Sunfish Sail Question

Discussion in 'Sunfish Talk' started by jflash, Feb 5, 2010.

  1. jflash

    jflash New Member

    Likes Received:
    0
    Trophy Points:
    0
    Hello there, Sailing community!
    Let me start off by saying that I know nothing about either sailing or the sunfish sailboat. I'm trying to design a wind-powered bicycle that has sails, and I'm looking into different types of sails. Can you guys tell me a bit about how a sunfish is different from a regular sailboat?

    I found this picture of how a sailboat's sails can be directed to catch the wind and propagate the boat in any direction. Can you guys tell me if this is the same as how it works for the sail of a sunfish? If not, can you guys use MS Paint and draw on what the sail of a sunfish would do in the picture?

    [​IMG]


    Also, how is the sail of a sunfish moved? Are ropes used, like the sail of a traditional sailboat?


    Thanks in advance for any info, guys! I really appreciate it!

    ~Jonathan Flash
     
  2. fbjru

    fbjru Member

    Likes Received:
    0
    Trophy Points:
    16
    Jonathan,
    Your questions are not really relevant to "sunfish talk", but I will give you an answer the best I can.
    First, you should probably do a little more reading about the physics behind sailing. If you are going to be doing anything with a sail you need to have an understanding of how it will or will not work.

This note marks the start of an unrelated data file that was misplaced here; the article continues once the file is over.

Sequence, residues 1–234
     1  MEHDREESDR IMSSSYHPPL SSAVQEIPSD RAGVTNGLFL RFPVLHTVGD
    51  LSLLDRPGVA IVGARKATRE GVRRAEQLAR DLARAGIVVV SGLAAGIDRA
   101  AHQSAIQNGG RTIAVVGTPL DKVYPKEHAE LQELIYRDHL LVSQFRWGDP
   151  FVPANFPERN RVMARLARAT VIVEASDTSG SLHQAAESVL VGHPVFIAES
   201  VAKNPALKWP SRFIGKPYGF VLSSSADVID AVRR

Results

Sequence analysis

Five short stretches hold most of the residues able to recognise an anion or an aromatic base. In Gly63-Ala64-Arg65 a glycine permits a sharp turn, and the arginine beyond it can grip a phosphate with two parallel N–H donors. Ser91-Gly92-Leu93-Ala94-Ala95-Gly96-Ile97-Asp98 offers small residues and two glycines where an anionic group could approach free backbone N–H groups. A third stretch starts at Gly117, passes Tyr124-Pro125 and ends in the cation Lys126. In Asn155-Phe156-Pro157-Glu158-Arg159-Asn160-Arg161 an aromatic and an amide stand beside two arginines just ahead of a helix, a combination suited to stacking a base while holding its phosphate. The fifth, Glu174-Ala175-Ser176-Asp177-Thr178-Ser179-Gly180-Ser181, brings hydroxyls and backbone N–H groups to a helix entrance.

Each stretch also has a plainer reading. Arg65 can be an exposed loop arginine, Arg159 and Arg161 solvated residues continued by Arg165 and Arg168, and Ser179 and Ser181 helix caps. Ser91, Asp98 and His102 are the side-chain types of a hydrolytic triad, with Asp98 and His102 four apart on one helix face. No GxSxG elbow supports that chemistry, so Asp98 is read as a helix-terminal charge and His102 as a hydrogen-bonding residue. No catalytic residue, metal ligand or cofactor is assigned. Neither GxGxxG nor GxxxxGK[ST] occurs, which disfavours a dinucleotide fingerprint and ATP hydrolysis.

"I'm trying to design a wind-powered bicycle that has sails"

    I do not believe this will work. You may be able to go dead downwind, but other than that I believe you would quickly tip over.

    Google bloKarts. If you are trying to make something similar this there are online instructions available. However, you would need at the minimum some experience sailing and understanding of how to sail. I've ridden a bloKart and been at speeds over 25mph. There are no breaks, so you need to know how to control it.

    "I found this picture of how a sailboat's sails can be directed to catch the wind and propagate the boat in any direction. Can you guys tell me if this is the same as how it works for the sail of a sunfish?"

    A sunfish sail fundamentally works exactly the same as any other sail. Yes, the diagram you provided is correct, but I think you misinterperted it. You can not sail (propagate?????) in any direction. You can not sail into the wind or up to 45deg to either side of the wind.


    I would not advise your project.
     
  3. Webfoot

    Webfoot New Member

    Likes Received:
    1
    Trophy Points:
    0
    Do a search for "Land Sailor Plans" on Google, I think this is what you are after. There is even a picture of a Sunfish mounted on wheels posted. Best to get some actual sailing experience first, maybe using a Sunfish. This is much less dangerous than trying to learn to sail with a Land Sailor.
     
  4. Wayne

    Wayne Member Emeritus

    Likes Received:
    6
    Trophy Points:
    0
    The Sunfish is a traditional sailboat, if not more so. By that I mean the "Lateen" style sail a Sunfish uses pre-dates the design of the Bermuda rig sailboats people are most familiar with today.




    Land Sailing in different forms has used both designs in the past...




    Sail Bikes today appear to use just about any style, but lean more toward the hybrid sail found on a Sailboard.




    The Sunfish sail is controled by a rope (line), the "main-sheet", visible in this picture.

    [​IMG]


    Some advancement seems to be enveloping Land Sailing.


    [​IMG] [​IMG]



    Here's a bit more realistic chart of where the wind will and will not work for you.

    [​IMG]
     
  5. Fred P

    Fred P Member

    Likes Received:
    2
    Trophy Points:
    18
    jflash,

    Looks like your project is a "been there, done that" effort.